What next for Israel’s packaging economy? How the Hamas war is disrupting the booming biotech scene
03 Nov 2023 — Israel’s packaging economy is under pressure following the Hamas terrorist attacks on October 7. The country’s market, which includes numerous packaging and material tech start-ups, now faces a volatile wartime economy, military drafts and the continued threat of attacks from militants in Palestine, Lebanon and Yemen.
Israel’s reputation as a bastion of the global tech sector has roots in its plastics industry, which has played a central role in the country’s economy since the 1970s.
Tato Bigio, co-CEO and co-founder of UBQ Materials, a scale-up company that has developed a technology that transforms all forms of municipal and household waste into thermoplastics, explains to Packaging Insights this development began when a significant number of Kibbutzim (intentional communities) started developing a wide range of plastic companies and research centers.
The industry now contributes to over 5% of Israel’s GDP, which in 2022 was US$522 billion, and is “renowned for leading some of the most sophisticated developments and applications on a global scale,” says Bigio.
However, with the outbreak of war with Hamas, companies like UBQ Materials are fighting to restore order and maintain development rates.
UBQ Materials is in the process of restoring its operations with international support.This scenario is exemplified by disruptions at UBQ’s Ze’elim facility in southern Israel, roughly 20 kilometers from the Gaza border.
“Tragically, two of our employees, Hadar Rosenfeld and Uri Russo, lost their lives, along with dozens of friends and family members. We are supporting the survivors with shelter, financial aid, security and psychological assistance,” says Bigio.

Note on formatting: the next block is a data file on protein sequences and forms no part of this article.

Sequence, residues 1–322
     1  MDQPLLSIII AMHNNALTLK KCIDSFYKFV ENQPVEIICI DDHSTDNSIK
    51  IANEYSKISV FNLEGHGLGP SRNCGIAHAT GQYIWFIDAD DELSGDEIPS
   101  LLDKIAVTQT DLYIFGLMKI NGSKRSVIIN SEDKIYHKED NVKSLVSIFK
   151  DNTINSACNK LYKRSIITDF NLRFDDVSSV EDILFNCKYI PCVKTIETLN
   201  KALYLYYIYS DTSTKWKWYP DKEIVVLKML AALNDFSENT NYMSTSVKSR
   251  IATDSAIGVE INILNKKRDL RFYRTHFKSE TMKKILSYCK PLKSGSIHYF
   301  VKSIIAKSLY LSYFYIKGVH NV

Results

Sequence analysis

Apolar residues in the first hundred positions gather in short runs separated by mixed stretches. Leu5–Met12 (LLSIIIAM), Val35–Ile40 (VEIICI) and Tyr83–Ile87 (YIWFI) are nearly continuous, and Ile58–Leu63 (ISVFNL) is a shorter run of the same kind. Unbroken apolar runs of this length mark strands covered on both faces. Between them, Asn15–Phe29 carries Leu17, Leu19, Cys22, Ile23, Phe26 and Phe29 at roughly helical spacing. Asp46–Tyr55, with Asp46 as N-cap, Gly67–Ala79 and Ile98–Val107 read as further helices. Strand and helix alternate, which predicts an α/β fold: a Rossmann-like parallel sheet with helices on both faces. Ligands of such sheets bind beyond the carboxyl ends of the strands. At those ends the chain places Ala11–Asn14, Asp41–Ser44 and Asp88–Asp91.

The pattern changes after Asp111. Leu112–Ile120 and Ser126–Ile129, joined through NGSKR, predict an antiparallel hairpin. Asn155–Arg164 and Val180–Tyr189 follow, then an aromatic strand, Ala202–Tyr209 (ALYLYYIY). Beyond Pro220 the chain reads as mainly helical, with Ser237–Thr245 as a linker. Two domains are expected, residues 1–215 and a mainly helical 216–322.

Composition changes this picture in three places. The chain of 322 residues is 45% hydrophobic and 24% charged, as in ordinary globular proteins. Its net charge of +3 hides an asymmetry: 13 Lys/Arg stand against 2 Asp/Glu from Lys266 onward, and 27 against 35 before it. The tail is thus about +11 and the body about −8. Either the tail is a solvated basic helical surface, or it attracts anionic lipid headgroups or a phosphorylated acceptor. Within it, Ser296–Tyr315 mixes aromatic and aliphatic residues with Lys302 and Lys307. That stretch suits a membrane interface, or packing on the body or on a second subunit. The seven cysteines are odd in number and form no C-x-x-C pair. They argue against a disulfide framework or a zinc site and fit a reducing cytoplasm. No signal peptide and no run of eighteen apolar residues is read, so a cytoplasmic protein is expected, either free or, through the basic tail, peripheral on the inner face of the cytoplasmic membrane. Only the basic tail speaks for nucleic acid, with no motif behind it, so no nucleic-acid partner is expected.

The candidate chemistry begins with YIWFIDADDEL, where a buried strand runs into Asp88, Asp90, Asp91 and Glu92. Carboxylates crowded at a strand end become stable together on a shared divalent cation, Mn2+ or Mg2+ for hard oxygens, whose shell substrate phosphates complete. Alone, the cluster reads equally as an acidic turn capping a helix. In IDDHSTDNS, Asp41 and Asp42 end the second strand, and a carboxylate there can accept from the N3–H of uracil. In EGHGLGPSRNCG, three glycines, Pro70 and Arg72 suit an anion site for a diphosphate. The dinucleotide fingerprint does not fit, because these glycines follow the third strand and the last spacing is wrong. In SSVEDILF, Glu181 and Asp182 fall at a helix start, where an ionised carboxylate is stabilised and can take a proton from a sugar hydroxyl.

Crisis plans, international support
UBQ has enacted a “crisis, recovery and resilience plan.”
“Our first priority was to support, rehouse and re-equip our employees. Second, we ensured the delivery of inventory to customers by relocating it to our international warehouses in the Netherlands, US, Colombia and Brazil,” says Bigio.
“Third, we initiated efforts to bring the Ze’elim facility back online. Fourth, we secured international continuity, especially with the impending start of production at our facility in Bergen Op Zoom, Netherlands.”
Currently, the company is still in the third phase of restoring production in Israel, but its global operations have continued without interruption, according to Bigio. To help maintain the industry, support from other nations, particularly in the West, is essential, he says.
“Collaborative efforts, including continuing to do business with Israel and checking in with your counterparts in Israel, can have a significant positive impact. We deeply appreciate the incredible support and the ongoing offers of help that have poured in from around the world from our partners and customers. This support plays a vital role in ensuring our business continuity.”
Economic downturn, military drafts
Despite reconstruction efforts by individual companies and the backing of international support, Israel’s packaging industry may face many of the same challenges as the tech industry as a whole. Melodea’s team at its pilot biomanufacturing plant.
Ronen Nir, managing director in the Israel office of US venture capital firm PSG Equity, told Israeli magazine Globes that he estimates between 10% and 15% of Israel’s tech workers have been drafted into the IDF reserves.